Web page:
Born in Padua on April 12, 1500, Speroni studied in Padua and Venice, eventually graduating in philosophy at the University of Padua in 1518. As early as 1520 he was appointed lecturer in logic in Padua, having among his pupils Bernardo Navagero, who later became one of his closer friends. The lectures must have been appreciated as in 1523 the Senate gave him the extraordinary chair of philosophy. Speroni, however, preferred to interrupt his university career to follow the teachings of Pietro Pomponazzi in Bologna, remaining there until the philosopher's death in 1525. Returning to Padua, he resumed his teaching activities for another three years, alternating his academic commitments with frequent Venetian sojourns, during which he made the acquaintance of some of the leading figures in the literary life of the time, including Pietro Aretino, Bernardo Tasso, Antonio Brocardo, Pietro Bembo, and Bernardo Cappello. The death of his parents in 1528 forced Speroni to assume responsibility for the entire family, thereby ending his academic teaching, which was already becoming increasingly burdensome for him. The numerous family duties did not, however, prevent him from cultivating his interests and engaging in intense civic and oratorial activity. Elected a member of the city council in 1532, the following year he was deputy to the “Magistratura dei Sedici”, a position he would hold alternately until 1548; he was also president, in 1542, of the “Fondaco delle pelle e del cuoio” located on the island of Giudecca, and served as “provveditore” in matters of convents and public health. In February 1530 he participated, together with Antonio Brocardo, Bernardo Navagero and Luigi Priuli, in the celebrations for the coronation of Charles V in Bologna, as a guest of the local Venetian ambassador Gaspare Contarini, who was also an old companion during the university years in Bologna. In 1540 the Accademia degli Infiammati was founded in Padua, of which he was the major animator as well as the last of its ‘principi' (princes), succeeding Alessandro Piccolomini in October 1541. In the front of the Infiammati, Speroni gave also a public reading of his famous tragedy Canace, first published in Venice, without the author's consent, in 1546.  The 1550s were marked by mourning, health problems and renewed judiciary troubles, but also by Speroni's first and much-desired trip to Rome. The stay was brief but decisive, as his love for this city would never fade. The opportunity to return to Rome presented itself again in the late 1560s, and this time the stay was longer and allowed him to get in touch with the local intellectuals and to join the Accademia delle Notti Vaticane, of which he was also a prince. In 1570 he sojourned in Pesaro, invited by his friend Guidubaldo to the wedding of the latter's son, Francesco Maria II Della Rovere, to Lucrezia d'Este, and in late 1573 he went to Rome again to celebrate the election as pontiff, under the name of Gregory XIII, of Ugo Boncompagni, a fellow member of the Noctes Vaticanae. In 1574 the Inquisition's first attacks on his Dialoghi began as a consequence of an anonymous complaint of contempt of public morality. Booksellers in Rome were prohibited to sell the work and Speroni defended the controversial points first verbally, then with a written Apologia that he sent to his friends Antonio Riccoboni in Padua and Alvise Mocenigo in Venice to have copies circulated. Recalled to Padua in 1578 to settle some affairs, among the last literary activities to which Speroni devoted himself in the last years of his life was the defense of Dante in the literary diatribes that had recently arisen around the poet's authority. Speroni died in Padua in June 1588 (cf. L. Piantoni, Speroni, Sperone, in: “Dizionario Biografico degli Italiani” vol. 93, 2018, s.v.).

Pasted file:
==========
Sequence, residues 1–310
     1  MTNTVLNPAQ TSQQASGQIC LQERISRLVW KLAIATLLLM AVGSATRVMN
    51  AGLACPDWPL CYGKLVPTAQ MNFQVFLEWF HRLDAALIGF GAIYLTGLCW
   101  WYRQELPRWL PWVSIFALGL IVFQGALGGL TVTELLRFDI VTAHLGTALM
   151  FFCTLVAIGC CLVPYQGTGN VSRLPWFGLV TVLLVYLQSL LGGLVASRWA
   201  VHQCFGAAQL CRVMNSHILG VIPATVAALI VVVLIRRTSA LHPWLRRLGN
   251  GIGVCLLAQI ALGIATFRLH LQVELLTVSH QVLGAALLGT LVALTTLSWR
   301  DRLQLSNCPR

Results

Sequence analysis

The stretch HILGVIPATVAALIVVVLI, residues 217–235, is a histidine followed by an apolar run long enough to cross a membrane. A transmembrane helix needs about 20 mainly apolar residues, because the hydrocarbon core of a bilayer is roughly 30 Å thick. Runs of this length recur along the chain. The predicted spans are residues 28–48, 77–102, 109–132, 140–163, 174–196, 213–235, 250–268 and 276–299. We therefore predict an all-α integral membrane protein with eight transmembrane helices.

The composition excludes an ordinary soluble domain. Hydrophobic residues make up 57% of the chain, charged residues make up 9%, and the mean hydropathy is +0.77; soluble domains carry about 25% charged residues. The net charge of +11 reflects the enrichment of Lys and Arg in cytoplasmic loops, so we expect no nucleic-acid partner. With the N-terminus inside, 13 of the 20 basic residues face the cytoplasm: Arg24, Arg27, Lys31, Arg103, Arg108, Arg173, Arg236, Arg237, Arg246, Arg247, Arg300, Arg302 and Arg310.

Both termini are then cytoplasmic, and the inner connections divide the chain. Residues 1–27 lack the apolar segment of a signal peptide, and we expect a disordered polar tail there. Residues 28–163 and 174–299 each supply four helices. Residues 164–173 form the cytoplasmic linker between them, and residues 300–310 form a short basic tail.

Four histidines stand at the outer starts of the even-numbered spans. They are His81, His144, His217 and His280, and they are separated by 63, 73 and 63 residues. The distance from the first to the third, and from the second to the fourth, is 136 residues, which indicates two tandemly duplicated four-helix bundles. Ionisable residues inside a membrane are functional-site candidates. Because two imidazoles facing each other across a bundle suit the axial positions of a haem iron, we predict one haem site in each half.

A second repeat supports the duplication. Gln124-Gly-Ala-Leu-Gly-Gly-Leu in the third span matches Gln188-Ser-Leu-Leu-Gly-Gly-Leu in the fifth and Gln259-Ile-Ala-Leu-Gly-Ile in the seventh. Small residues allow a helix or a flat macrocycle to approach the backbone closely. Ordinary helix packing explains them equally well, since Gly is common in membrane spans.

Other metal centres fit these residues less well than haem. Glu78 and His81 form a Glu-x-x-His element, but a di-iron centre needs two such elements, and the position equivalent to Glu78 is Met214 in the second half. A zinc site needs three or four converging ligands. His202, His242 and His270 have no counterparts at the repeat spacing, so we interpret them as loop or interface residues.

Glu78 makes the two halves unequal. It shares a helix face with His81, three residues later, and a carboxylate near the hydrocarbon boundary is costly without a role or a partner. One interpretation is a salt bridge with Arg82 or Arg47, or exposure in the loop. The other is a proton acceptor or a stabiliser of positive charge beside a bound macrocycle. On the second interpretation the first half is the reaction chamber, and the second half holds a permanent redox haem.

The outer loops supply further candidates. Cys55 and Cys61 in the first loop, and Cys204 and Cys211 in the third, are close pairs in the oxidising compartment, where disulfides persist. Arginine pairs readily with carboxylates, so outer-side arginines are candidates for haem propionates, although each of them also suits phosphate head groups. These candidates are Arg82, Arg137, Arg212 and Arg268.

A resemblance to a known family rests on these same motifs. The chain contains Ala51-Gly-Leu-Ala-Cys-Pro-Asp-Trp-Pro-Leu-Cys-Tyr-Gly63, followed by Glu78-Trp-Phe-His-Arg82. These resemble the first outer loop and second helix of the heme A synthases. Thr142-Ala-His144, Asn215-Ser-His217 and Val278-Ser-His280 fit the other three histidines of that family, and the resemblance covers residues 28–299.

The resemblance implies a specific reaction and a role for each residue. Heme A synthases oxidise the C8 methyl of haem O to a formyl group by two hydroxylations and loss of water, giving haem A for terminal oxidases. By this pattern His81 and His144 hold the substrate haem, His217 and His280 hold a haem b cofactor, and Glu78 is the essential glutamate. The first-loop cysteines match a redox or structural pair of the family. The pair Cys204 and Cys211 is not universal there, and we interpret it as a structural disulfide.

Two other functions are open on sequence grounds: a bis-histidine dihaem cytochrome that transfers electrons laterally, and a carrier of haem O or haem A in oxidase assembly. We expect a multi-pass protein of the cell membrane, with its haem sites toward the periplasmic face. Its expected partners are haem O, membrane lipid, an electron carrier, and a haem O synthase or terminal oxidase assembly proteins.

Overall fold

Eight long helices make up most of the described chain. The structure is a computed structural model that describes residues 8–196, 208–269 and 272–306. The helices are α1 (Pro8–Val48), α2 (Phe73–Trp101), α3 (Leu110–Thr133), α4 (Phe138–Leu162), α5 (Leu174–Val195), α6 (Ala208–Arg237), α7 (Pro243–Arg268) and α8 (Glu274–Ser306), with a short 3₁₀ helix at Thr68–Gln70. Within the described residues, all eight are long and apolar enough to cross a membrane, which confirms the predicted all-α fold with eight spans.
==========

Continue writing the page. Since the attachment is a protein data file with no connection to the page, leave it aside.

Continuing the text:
Renouard, 125.7; Edit 16, CNCE53856; B. Lamanna, A Good Woman, a Good Wife: Strategies of Idealization in Sperone Speroni's ‘Dialogo della Dignità delle Donne', in: “Idealizing Women in the Italian Renaissance”, E. Brizio-M. Piana, eds., Toronto, 2022; M. Sgarbi, The Italian Mind: Vernacular Logic in Renaissance Italy (1540-1551), Leiden-Boston, 2014; R. Leushuis, Speaking of Love: the Love Dialogue in Italian and French Renaissance Literature, Leiden-Boston, 2017; T. Katinis, Latin and Vernacular Interplay: Lazzaro Bonamico as Author and Character of Sperone Speroni's ‘Dialogo delle lingue', in: “Neo-Latin and the Vernaculars: Bilingual Interactions in the Early Modern Period”, A. Winkler-F. Schaffenrath, eds., Leiden-Boston, 2019; W.A. Rebhorn, Renaissance Debates on Rhetoric, Ithaca, N.Y., 2000; T. Katinis, Sperone Speroni and the Debate over Sophistry in the Italian Renaissance, Leiden-Boston, 2018; R. Buranello, From the Locus Amoenus to the Locus Ambiguus, Sperone Speroni and the Setting of Renaissance Dialogue, Toronto, 1999; J.-L. Fournel, Les dialogues de Sperone Speroni: libertés de la parole et règles de l'écriture, with a preface by M. Pozzi, P. Borsa, ed., Milan, 2014; Sperone Speroni, Padua, 1989.